The Three Things Streaming Needs To Fix Next

I spent a couple of days last week in Barcelona for the annual Future Music Forum, which is developing into an important date on the music conference circuit.   Later this week I will post some of the highlights of my opening address but first I am going to spend some time developing some of the white hot issues surrounding streaming that were raised at the conference.

In a really strong field, two speakers in particular stood out: Beggars head of strategy Simon Wheeler and PledgeMusic founder Benji Rogers.   Their presentations and the conference as a whole were infused with a sense that streaming is changing everything, and more quickly than most people expected. This change is manifesting itself in three big issues:

  1. Deciding what streaming’s main role is
  2. What happens to the middling majority of artists
  3. How to monetize the relationship between artists and fans
  1. Time To Decide Whether Streaming Is Marketing Or Sales

It is clear that most labels are conflicted about streaming. They are waking up to the fact that its promise as a retail channel will take time to realize and even then it may not be a like-for-like replacement for lost album sales. Which is prompting labels to increasingly view streaming as a marketing channel too. But if streaming is both the discovery journey and the consumption destination, then what, as a label, are you trying to actually sell with streaming? Across the bigger labels in particular the digital business teams and the marketing teams need to agree on a common view on what the streaming end game is, else risk accelerating album sales decline without adequately driving streaming revenue growth.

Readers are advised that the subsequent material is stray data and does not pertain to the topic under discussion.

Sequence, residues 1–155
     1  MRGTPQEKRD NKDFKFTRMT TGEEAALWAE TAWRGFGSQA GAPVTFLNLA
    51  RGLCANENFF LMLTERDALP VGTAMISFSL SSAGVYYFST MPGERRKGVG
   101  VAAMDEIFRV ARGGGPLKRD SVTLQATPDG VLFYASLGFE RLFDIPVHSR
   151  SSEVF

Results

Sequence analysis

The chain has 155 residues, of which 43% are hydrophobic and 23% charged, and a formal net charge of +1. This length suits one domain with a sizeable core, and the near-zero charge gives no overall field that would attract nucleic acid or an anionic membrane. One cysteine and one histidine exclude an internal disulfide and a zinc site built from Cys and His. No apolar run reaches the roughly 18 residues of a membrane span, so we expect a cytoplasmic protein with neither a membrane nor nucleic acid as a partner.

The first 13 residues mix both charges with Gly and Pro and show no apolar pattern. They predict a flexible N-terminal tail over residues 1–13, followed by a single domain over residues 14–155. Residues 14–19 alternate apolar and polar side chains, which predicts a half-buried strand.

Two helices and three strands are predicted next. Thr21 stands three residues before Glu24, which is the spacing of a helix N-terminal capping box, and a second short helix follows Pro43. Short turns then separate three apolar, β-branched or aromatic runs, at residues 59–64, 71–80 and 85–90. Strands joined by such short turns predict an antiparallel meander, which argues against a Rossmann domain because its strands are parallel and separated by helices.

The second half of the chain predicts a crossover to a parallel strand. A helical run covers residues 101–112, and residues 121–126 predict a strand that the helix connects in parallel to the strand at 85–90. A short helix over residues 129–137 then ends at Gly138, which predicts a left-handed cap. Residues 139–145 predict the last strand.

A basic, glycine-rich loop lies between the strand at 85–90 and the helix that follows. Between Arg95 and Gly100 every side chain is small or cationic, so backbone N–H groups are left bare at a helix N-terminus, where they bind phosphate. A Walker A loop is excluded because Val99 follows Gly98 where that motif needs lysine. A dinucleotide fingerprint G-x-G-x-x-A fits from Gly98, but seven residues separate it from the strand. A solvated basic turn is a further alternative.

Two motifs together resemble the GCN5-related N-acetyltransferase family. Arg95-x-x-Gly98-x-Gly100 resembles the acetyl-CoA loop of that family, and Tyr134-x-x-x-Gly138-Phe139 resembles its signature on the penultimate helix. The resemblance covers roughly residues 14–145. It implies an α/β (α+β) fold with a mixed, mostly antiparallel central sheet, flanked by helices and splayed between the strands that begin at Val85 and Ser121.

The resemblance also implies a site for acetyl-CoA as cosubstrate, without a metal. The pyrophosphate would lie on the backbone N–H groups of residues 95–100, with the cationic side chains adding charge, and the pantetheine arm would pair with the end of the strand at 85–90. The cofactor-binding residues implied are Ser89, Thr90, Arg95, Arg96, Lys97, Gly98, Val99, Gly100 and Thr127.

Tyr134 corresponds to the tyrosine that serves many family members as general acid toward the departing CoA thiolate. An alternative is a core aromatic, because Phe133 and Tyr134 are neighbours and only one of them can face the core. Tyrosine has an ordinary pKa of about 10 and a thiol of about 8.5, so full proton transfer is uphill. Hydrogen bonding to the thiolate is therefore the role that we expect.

If the question is complex for subscription services for free streaming the picture is much clearer, especially for YouTube. As Simon Wheeler said in his presentation: “YouTube is not driving sales. People are going there to consume music. The end.”  If that isn’t a case for windowing YouTube and free tiers of freemium services then I don’t know what is.

  1. What Case For The Middling Majority?

Wheeler also made a vital observation that the streaming success stories tend to be split between mega hits on the one hand (such as Calvin Harris’ 1 billion Spotify streams and Avicii’s 250 million ‘Wake Me Up’ Spotify streams) and slow burn success stories on the other. He cited the example of the XX’s eponymous album that is still in the Spotify indie top 100 five years after release.

This streaming dualism makes it look like label A&R strategy may have to choose between massive hits or long-term success. And if so, what happens to the rest in the middle? You effectively end up with three key types of streaming artist (see figure):

  • Evergreens
  • Middling Majority
  • Hit Machines

streaming artist segments